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The definition is as follows:
“Antisemitism is a certain perception of Jews, which may be expressed as hatred toward Jews. Rhetorical and physical manifestations of antisemitism are directed toward Jewish or non-Jewish individuals and/or their property, toward Jewish community institutions and religious facilities.”
However, controversy abounded, as controversy is wont to do where Corbyn is concerned, in the Labour Party’s adoption or supposed rejection of some of the “contemporary examples” of antisemitism propounded by the IHRA.
Indeed, specifically, it was certain examples pertaining to what many consider to be the equation of Judaism with Israel that the party chose to leave out. While, of course, it is shaky ground and certain to ignite the same tired old accusations, such a move is sensible in light of the fact that conversations around antisemitism are more often than not muddied and confused by the substitution of Israel for Judaism.
Nonetheless, the edits evidently gave Hodge cause to scream at her leader in Parliament that “you’re a f*cking antisemite and a racist!”
Dame Margaret Hodge MP did not “speak out” about anything. She screamed in public in the face of her leader “You are a fucking anti-Semite and a racist”. End of. Really.
— George Galloway (@georgegalloway) July 18, 2018
It is perhaps unsurprising that she chose to accost her leader in such a way. Since he stands for everything she does not – that is, public ownership, workers’ rights, anti-racism and the Labour party representing labour, as it was born to do.
Private Eye dug up this little nugget from 1995, clearly showing Hodge’s colours lashed to the mast and flying high:
— For The Many (@ForTheMany2020) July 18, 2018
Clause 4 was, until 1995 when it was revised, the Labour party’s deliberate, specific and purposeful entreaty to its socialist roots:
“To secure for the workers by hand or by brain the full fruits of their industry and the most equitable distribution thereof that may be possible upon the basis of the common ownership of the means of production, distribution and exchange, and the best obtainable system of popular administration and control of each industry or service.”
It was amended under Blair as part of the Labour party’s revolution into New Labour, so that it rang more as a squalid, vapid corporate slogan:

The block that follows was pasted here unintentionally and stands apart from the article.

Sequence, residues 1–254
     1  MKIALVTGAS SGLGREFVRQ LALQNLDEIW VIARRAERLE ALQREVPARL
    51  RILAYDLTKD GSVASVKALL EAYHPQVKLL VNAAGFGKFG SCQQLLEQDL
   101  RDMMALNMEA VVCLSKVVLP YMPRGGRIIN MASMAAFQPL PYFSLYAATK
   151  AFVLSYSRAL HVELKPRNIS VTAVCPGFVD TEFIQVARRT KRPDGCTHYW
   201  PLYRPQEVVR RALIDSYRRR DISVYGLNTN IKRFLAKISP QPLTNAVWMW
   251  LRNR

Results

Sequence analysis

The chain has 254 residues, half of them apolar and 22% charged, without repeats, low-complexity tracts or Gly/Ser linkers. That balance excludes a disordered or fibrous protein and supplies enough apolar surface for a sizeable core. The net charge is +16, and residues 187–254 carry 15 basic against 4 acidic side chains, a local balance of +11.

“[The Labour party] believes that by the strength of our common endeavour we achieve more than we achieve alone, so as to create for each of us the means to realise our true potential and for all of us a community in which power, wealth and opportunity are in the hands of the many, not the few, where the rights we enjoy reflect the duties we owe, and where we live together, freely, in a spirit of solidarity, tolerance and respect’.”
Hodge, the millionaire Dame, who debated Corbyn in ’95 with both vigour and anger is clearly perturbed to see his revolutionary reversion of their party to its socialistic roots. This, though, clearly has no bearing upon her decision to scream in Jeremy’s face and accuse the ardent anti-racism campaigner of being a “f*cking” racist.
It appears, also, that the honourable Dame may want to rethink her own personal working definition of racism.
Years before the rise of UKIP swung the Tories further right and the rise of Trump swung Europe into neo-fascistic revivals, Hodge – the MP for Barking – was allowing the apparent gestating popularity of the BNP to colour her own policies. Indeed, in response to the now deceased party’s appeals to fear, Hodge, instead of combatting such persuasions, gave into them, calling for a “natives first” policy on social housing.
While various pundits and politicians issue statements of solidarity with Margaret for her record, particularly of “beating off the BNP” – which, as someone who relies on winning elections to work, is literally her job – it is worth remembering the victims of her self-confessed “shameful naivety”.
The former Children’s Minister, as an Islington councillor and, later, leader of the council, also failed to take any action on reports of a paedophilia scandal within children’s homes in the area. The reports turned out to be true, and Hodges’s inaction allowed it to continue.
Not only is Hodge ineffectual and completely at odds with the foundational principles and ideology of the party in which she resides, but so too has her hypocrisy been a point of contention.
In 2015, the Labour member – who has been outspoken over tax avoidance – received shares in a company from a family foundation based in a tax haven. Indeed, her family’s company reportedly paid just 0.01% on £2.1bn worth of business in the UK.
The Labour party is reportedly going to take action against Hodge following her outburst at Corbyn.
It appears, at a time when the Conservative party is in disarray, that it is wholly convenient for those with Blairite and New Labour leanings – who have been staunch opponents of Jeremy’s now entirely vindicated political direction from the very beginning – to throw mud and make headlines that serve only to douse the party in petrol.
Margaret Hodge may call upon her Jewish ancestry and her family’s undoubtedly torrid experience at the hands of the Holocaust to justify her rage, yet it seems obvious from her past that there is quite clearly something more at play.